We have an Unbound caching server that was setup by another internal team. However, there is no logging enabled. I not only want this enabled for troubleshooting internal name resolution issues, but also to feed into a SIEM, and do other traffic analysis.

My questions (and I know every environment is different)

  • Is there a "sizing guide" so one can ascertain how much disk space should be allocated to the DNS caching host?

  • I suppose this might be determined by the log verbosity, so with verbosity: 1 or verbosity: 3, etc.. how does this come into play?

  • Is there anything else to consider other than just adding the #logfile directive to the .conf file?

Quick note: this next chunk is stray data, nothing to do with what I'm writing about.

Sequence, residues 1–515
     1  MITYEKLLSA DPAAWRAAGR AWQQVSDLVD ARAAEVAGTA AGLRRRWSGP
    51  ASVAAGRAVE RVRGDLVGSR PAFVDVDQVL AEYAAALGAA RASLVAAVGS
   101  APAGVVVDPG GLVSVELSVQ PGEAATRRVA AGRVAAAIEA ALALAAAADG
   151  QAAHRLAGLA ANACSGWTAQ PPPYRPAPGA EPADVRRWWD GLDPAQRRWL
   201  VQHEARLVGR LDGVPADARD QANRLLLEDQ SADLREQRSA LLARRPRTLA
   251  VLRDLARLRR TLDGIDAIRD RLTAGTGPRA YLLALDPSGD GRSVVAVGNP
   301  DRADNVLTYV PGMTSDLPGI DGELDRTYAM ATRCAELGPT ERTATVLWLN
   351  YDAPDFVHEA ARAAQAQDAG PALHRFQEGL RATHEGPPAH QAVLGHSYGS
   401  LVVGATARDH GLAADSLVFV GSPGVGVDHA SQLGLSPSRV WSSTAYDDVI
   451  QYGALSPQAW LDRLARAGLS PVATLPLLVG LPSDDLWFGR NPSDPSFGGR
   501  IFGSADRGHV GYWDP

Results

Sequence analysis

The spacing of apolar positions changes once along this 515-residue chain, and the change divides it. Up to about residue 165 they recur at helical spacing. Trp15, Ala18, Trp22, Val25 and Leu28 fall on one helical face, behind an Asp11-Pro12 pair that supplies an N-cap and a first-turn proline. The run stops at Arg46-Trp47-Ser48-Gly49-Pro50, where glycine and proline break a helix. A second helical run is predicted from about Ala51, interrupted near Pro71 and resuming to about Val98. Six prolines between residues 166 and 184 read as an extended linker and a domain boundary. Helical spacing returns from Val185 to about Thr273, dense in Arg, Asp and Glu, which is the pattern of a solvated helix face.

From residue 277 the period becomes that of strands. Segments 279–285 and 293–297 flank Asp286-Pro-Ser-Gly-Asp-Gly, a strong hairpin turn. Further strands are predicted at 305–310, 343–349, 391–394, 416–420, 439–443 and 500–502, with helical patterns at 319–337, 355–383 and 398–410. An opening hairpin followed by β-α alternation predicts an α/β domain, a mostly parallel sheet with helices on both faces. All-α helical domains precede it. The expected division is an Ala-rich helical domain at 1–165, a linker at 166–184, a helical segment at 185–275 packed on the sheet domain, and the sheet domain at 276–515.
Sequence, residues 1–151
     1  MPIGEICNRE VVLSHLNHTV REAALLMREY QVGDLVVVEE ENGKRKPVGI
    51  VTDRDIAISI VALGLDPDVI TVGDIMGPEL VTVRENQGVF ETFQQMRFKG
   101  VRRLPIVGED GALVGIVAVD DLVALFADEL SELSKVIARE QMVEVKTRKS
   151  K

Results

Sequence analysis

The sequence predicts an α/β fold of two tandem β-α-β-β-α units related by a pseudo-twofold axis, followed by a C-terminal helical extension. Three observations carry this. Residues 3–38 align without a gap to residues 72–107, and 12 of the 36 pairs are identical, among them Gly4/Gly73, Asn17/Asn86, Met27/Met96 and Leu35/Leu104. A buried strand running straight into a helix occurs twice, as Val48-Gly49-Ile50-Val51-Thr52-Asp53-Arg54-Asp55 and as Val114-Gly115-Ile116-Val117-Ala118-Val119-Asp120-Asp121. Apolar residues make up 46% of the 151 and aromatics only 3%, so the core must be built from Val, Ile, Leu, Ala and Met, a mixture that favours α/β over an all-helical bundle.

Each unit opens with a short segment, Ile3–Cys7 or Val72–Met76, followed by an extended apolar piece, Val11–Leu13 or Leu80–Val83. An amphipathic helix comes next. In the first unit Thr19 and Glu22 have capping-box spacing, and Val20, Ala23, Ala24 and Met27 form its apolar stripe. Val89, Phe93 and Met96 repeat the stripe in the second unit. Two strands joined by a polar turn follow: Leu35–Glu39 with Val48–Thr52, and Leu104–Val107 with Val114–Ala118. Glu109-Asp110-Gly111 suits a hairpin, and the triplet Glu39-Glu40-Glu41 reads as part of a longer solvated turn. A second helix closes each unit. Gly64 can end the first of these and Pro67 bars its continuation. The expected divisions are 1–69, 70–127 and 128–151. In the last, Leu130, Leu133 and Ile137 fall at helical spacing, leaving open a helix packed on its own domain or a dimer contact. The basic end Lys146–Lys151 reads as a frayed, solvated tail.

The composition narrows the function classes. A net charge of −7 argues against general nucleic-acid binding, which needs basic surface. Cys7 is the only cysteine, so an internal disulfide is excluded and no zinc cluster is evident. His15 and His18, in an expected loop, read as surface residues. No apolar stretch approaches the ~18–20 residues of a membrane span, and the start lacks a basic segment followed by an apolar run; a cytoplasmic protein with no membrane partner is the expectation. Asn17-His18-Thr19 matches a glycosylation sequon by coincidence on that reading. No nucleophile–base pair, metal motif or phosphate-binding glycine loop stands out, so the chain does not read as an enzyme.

• to get the unbound logs over to a syslog/SIEM, I suspect I will need to use something like rsyslog - correct?

Thanks in advance for any help or advice

  • 2
    This question covers a lot of tenuously-connected topics. You might want to consider making several questions, each of which is more specific to one issue. – womble Jun 14 '16 at 23:35

DNS servers generally don't log a lot of data. For a caching name server there should not be a lot to log. I'll use my bind server which is split brain and serves queries from the Internet.

  • bind logs 200k cover more than six months data.
  • security logs 100k cover more than a month and a half.
  • query logs 10M cover most of a week. (This was left on after debugging some strange results when an upstream server was sending bad data.)

Normally, you shouldn't need to log queries, especially on a caching server.

Memory requirements will vary depending on how many different domains you cache. However, on a modern server this is unlikely to be a concern.

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